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Blue Finch Porphyrospiza caerulescens
BirdLife is updating this factsheet for the 2016 Red List
Please email us with any relevant information

This species is listed as Near Threatened, as it has become rare and local in many formerly occupied areas, and is likely to be declining moderately rapidly owing to the conversion of its cerrado habitats for agriculture.

Taxonomic source(s)
SACC. 2006. A classification of the bird species of South America. Available at: #

Passerina caerulescens Stotz et al. (1996), Passerina caerulescens BirdLife International (2004)

Distribution and population
Porphyrospiza caerulescens occurs in the interior of north-east and central Brazil (from south-east Pará and south Maranhão to Piauí, west Bahia, Tocantins, Goiás, Districto Federal, west and central Minas Gerais and south Mato Grosso), and east Bolivia (Beni, Santa Cruz and possibly Chuquisaca) (Ridgely and Tudor 1989, Sick 1993, Armonía 1995). It is uncommon, patchily distributed and apparently declining. It has become very rare and local in Brazil but is apparently more numerous in Bolivia, where 5,000 individuals were estimated at Cerro San Simón, west Beni, in 1990 (Parker and Rocha 1991).

Population justification
The global population size has not been quantified, but this species is described as 'uncommon and patchily distributed' (Stotz et al. 1996).

Trend justification
Moderate population declines are suspected owing to the paucity of recent records from many historical sites, as well as the continuing loss of suitable habitats as a result of agricultural conversion.

This species occurs at 600-1,100 m in campo cerrado, and particularly campo rupestre (Parker and Rocha 1991, da Silva 1995, Parker et al. 1996).

Conversion to agriculture for Eucalyptus plantations, soybeans and pasture for exportable crops (encouraged by government land reform) have severely impacted its habitat, particularly in Brazil (Parker and Willis 1997). Two thirds of cerrado habitat had been extensively or significantly modified by 1993 (Conservation International 1999), with most destruction having occurred since 1950 (Cavalcanti 1999).

Conservation Actions Underway
Conservation Actions Proposed

Repeat surveys of occupied areas to determine population trends and rates of range contraction. Conduct ecological studies to identify precise habitat requirements and elucidate causes of declines. Effectively protect large areas of suitable habitat.

Armonía. 1995. Lista de las aves de Bolivia. Armonía, Santa Cruz de la Sierra.

Cavalcanti, R. B. 1999. Bird species richness and conservation in the Cerrado region of central Brazil. Studies in Avian Biology 19: 244-249.

Conservation International. 1999. Açoes prioritárias para a conservaçao da biodiversidade do Cerrado e Pantanal.

da Silva, J. M. C. 1995. Birds of the Cerrado Region, South America. Steenstrupia 21: 69-92.

Parker, T. A.; Rocha, O. 1991. Notes on the status and behaviour of the Rusty-necked Piculet Picumnus fuscus. Bulletin of the British Ornithologists' Club 111: 91-92.

Parker, T. A.; Stotz, D. F.; Fitzpatrick, J. W. 1996. Ecological and distributional databases. In: Stotz, D.F.; Fitzpatrick, J.W.; Parker, T.A.; Moskovits, D.K. (ed.), Neotropical bird ecology and conservation, pp. 113-436. University of Chicago Press, Chicago.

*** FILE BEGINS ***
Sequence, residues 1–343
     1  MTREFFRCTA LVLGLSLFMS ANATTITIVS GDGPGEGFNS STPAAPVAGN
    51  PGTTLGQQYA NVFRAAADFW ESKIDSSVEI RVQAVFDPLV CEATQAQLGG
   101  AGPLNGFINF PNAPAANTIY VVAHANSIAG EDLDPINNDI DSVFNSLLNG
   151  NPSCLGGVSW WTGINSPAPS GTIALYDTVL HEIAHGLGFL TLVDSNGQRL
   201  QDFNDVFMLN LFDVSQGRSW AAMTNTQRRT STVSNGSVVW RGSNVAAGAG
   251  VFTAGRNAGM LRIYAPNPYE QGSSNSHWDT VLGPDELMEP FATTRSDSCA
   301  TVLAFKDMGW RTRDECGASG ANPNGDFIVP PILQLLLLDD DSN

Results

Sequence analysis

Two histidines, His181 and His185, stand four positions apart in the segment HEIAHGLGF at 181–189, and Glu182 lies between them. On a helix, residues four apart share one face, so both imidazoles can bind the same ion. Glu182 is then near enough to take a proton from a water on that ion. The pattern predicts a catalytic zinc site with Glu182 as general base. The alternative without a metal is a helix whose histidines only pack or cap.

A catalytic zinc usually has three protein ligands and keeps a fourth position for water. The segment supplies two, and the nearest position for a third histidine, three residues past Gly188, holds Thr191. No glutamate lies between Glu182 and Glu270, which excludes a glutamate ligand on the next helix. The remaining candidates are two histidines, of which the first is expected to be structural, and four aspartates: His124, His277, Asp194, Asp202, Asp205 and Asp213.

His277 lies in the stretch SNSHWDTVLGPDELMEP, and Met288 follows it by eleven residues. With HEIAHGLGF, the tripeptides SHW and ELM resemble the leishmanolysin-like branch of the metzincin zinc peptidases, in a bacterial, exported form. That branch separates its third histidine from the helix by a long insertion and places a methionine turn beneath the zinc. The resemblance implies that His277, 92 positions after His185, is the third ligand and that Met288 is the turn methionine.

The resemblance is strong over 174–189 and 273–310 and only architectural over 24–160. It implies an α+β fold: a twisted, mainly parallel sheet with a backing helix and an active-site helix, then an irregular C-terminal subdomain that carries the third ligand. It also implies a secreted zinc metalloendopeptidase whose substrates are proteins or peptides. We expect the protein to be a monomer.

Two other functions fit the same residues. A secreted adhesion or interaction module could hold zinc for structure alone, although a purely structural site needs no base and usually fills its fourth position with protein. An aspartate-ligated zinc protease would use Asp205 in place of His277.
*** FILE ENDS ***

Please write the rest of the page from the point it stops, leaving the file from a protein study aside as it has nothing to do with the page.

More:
Parker, T. A.; Willis, E. O. 1997. Notes on three tiny grassland flycatchers, with comments on the disappearance of South American fire-diversified savannas. Ornithological Monographs 48: 549-555.

Ridgely, R. S.; Tudor, G. 1989. The birds of South America. University of Texas Press, Austin, Texas.

Sick, H. 1993. Birds in Brazil: a natural history. Princeton University Press, Princeton.

Stotz, D. F.; Fitzpatrick, J. W.; Parker, T. A.; Moskovits, D. K. 1996. Neotropical birds: ecology and conservation. University of Chicago Press, Chicago.

Further web sources of information
Explore HBW Alive for further information on this species

Search for photos and videos, and hear sounds of this species from the Internet Bird Collection

Text account compilers
Butchart, S., Gilroy, J., Sharpe, C J

IUCN Red List evaluators
Butchart, S., Symes, A.

Recommended citation
BirdLife International (2016) Species factsheet: Porphyrospiza caerulescens. Downloaded from on 25/10/2016. Recommended citation for factsheets for more than one species: BirdLife International (2016) IUCN Red List for birds. Downloaded from on 25/10/2016.

This information is based upon, and updates, the information published in BirdLife International (2000) Threatened birds of the world. Barcelona and Cambridge, UK: Lynx Edicions and BirdLife International, BirdLife International (2004) Threatened birds of the world 2004 CD-ROM and BirdLife International (2008) Threatened birds of the world 2008 CD-ROM. These sources provide the information for species accounts for the birds on the IUCN Red List.

To provide new information to update this factsheet or to correct any errors, please email BirdLife

To contribute to discussions on the evaluation of the IUCN Red List status of Globally Threatened Birds, please visit BirdLife's Globally Threatened Bird Forums.

Key facts
Current IUCN Red List category Near Threatened
Family Emberizidae (Buntings, American sparrows and allies)
Species name author (Wied, 1830)
Population size Unknown mature individuals
Population trend Decreasing
Distribution size (breeding/resident) 1,530,000 km2
Country endemic? No
Links to further information
- Additional Information on this species